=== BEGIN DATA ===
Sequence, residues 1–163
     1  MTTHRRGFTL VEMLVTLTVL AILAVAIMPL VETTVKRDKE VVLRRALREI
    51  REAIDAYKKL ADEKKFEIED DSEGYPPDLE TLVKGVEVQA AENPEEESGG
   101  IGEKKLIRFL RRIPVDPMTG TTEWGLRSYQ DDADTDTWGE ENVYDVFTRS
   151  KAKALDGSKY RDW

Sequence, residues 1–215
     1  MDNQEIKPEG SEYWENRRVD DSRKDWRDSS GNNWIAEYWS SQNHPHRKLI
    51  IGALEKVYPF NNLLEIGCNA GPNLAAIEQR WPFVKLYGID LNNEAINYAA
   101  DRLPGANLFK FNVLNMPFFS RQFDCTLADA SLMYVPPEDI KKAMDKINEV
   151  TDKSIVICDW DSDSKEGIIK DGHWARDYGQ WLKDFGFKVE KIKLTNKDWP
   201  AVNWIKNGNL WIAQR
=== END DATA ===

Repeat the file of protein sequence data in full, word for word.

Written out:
Sequence, residues 1–163
     1  MTTHRRGFTL VEMLVTLTVL AILAVAIMPL VETTVKRDKE VVLRRALREI
    51  REAIDAYKKL ADEKKFEIED DSEGYPPDLE TLVKGVEVQA AENPEEESGG
   101  IGEKKLIRFL RRIPVDPMTG TTEWGLRSYQ DDADTDTWGE ENVYDVFTRS
   151  KAKALDGSKY RDW

Sequence, residues 1–215
     1  MDNQEIKPEG SEYWENRRVD DSRKDWRDSS GNNWIAEYWS SQNHPHRKLI
    51  IGALEKVYPF NNLLEIGCNA GPNLAAIEQR WPFVKLYGID LNNEAINYAA
   101  DRLPGANLFK FNVLNMPFFS RQFDCTLADA SLMYVPPEDI KKAMDKINEV
   151  TDKSIVICDW DSDSKEGIIK DGHWARDYGQ WLKDFGFKVE KIKLTNKDWP
   201  AVNWIKNGNL WIAQR